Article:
With a population of roughly 18,000, Puerto Natales is the capital of the Ultima Esperanza Province. Founded in 1911, it quickly developed into a major residential center and shipping port for the area’s products. Nestled on a gently-sloping point amid spectacular scenery, the town overlooks the Ultima Esperanza Gulf and has a nice view of the Balmaceda Mountain. It provides services for the region’s intense livestock activity. Many of its inhabitants work at the Argentinian coal mines in Rio Turbio and return home over the weekend. A growing number of tourists are using the town as a jumping-off point for visiting the spectacular Torres del Paine and Balmaceda National Parks, and the nearby fjords. In 1892 and 1897, two geographic surveyors mapped the area and ascertained its potential for livestock farming. The first expedition was led by Capt. Eberhard, while the second, a Swedish one, was led by Otto Nordenskjöld. Eberhard discovered the Milodón Cave and was one of the first settlers in the area. A German-born immigrant in transit along the Strait of Magellan, he disembarked in Punta Arenas and decided to stay in this area. His brother continued to California, their original destination, where he later founded the renowned Eberhard Faber pencil making company. When the area opened to settlement in 1893, the lands lying along the coast were occupied mostly by German and English settlers who had previously come to Punta Arenas. There still remain a few interesting buildings dating from the estancia heydays. Pier Information The ship will remain at anchor. Guests will be brought ashore by ship’s tenders to the jetty located close to the center of town, which can be reached on foot. Shopping The main shopping area is located about 11 blocks from the landing jetty. Cuisine Two of the better restaurants in town are Tranquera and Circulo Español. Other Sites Cerro DoroteaA walk up this hill rewards with superb views of the whole Ultima Esperanza Sound.Milodón Cave National MonumentAbout 15 miles out of Puerto Natales stands this monument near the cave, where in 1895 Capt. Eberhard found the nearly intact remains of a prehistoric animal called milodón, a type of ground sloth. The finding caused such a stir that Wellington Furlog, a scientiest at Cornell University, set out in 1907 to comb Patagonia in search of living specimens of this species.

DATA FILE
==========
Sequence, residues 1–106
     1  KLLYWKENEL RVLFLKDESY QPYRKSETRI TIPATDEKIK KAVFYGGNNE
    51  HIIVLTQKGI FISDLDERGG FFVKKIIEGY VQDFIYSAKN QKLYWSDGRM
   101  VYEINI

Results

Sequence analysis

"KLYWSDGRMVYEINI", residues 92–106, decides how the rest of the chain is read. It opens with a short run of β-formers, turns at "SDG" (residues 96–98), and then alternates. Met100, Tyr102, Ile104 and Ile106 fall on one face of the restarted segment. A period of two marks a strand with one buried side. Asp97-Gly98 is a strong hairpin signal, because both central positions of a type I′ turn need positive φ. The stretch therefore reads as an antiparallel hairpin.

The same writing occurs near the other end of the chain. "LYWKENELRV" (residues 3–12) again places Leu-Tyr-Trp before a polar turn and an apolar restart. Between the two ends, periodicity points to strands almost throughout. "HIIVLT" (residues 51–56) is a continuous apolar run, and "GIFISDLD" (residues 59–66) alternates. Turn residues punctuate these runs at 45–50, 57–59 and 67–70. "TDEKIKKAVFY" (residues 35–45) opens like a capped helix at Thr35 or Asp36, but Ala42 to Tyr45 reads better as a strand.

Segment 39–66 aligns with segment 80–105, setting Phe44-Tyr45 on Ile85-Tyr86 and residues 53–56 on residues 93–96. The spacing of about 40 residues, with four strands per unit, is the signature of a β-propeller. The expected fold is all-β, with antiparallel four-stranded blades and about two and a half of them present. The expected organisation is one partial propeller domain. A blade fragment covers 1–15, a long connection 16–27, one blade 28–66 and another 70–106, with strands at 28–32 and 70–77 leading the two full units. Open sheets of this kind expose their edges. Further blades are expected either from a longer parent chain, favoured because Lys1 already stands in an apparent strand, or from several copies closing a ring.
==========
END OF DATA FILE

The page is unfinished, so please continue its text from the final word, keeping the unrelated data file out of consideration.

River travel image
Day 7
River travel
PIO X Glacier, Chile image
Day 7
PIO X Glacier, Chile
Caleta Tortel, Chile image
Day 8
Caleta Tortel, Chile
Tortel is a commune located in Southern Patagonia, a spectacular wilderness region of rugged mountains, glaciers, rivers and forests of infinite beauty. The uneven geography of Tortel shapes a unique landscape, characterized by an archipelagic area with numerous islands and channels. Tortel is known as the “footbridge city” for the unique beauty of its wooden walkways that connect the piers and houses of this quaint place through bridges and stairs, built from cypress wood, that run for four and a half miles around the cove and that respect the rich vegetation that grows under them. Even though it is the sixth largest commune in Chile, it has the lowest population of all with roughly 531 people. The history of the town dates back to 1520 when it was inhabited by nomadic Kawesqar, now extinct. Its definitive foundation was in 1955, after numerous attempts to populate the area. In 2001, it was declared by the Chilean government as a Picturesque Zone of National Heritage.
Castro, Chile image
Day 10
Castro, Chile